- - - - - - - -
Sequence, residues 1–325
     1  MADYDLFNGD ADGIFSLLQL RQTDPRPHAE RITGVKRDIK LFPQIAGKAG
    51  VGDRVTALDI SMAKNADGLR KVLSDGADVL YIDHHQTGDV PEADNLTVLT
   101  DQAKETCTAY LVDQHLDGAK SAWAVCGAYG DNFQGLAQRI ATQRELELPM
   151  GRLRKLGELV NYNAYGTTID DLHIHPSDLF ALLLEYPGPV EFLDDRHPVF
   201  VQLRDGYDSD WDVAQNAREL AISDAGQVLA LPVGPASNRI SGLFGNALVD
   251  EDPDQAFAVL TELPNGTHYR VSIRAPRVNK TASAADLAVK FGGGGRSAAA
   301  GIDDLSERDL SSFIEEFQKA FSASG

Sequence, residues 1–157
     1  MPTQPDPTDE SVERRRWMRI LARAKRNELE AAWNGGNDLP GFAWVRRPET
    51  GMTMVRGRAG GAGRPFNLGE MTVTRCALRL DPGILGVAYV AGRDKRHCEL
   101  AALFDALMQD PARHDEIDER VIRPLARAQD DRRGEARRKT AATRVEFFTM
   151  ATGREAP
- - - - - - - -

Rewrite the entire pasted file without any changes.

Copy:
Sequence, residues 1–325
     1  MADYDLFNGD ADGIFSLLQL RQTDPRPHAE RITGVKRDIK LFPQIAGKAG
    51  VGDRVTALDI SMAKNADGLR KVLSDGADVL YIDHHQTGDV PEADNLTVLT
   101  DQAKETCTAY LVDQHLDGAK SAWAVCGAYG DNFQGLAQRI ATQRELELPM
   151  GRLRKLGELV NYNAYGTTID DLHIHPSDLF ALLLEYPGPV EFLDDRHPVF
   201  VQLRDGYDSD WDVAQNAREL AISDAGQVLA LPVGPASNRI SGLFGNALVD
   251  EDPDQAFAVL TELPNGTHYR VSIRAPRVNK TASAADLAVK FGGGGRSAAA
   301  GIDDLSERDL SSFIEEFQKA FSASG

Sequence, residues 1–157
     1  MPTQPDPTDE SVERRRWMRI LARAKRNELE AAWNGGNDLP GFAWVRRPET
    51  GMTMVRGRAG GAGRPFNLGE MTVTRCALRL DPGILGVAYV AGRDKRHCEL
   101  AALFDALMQD PARHDEIDER VIRPLARAQD DRRGEARRKT AATRVEFFTM
   151  ATGREAP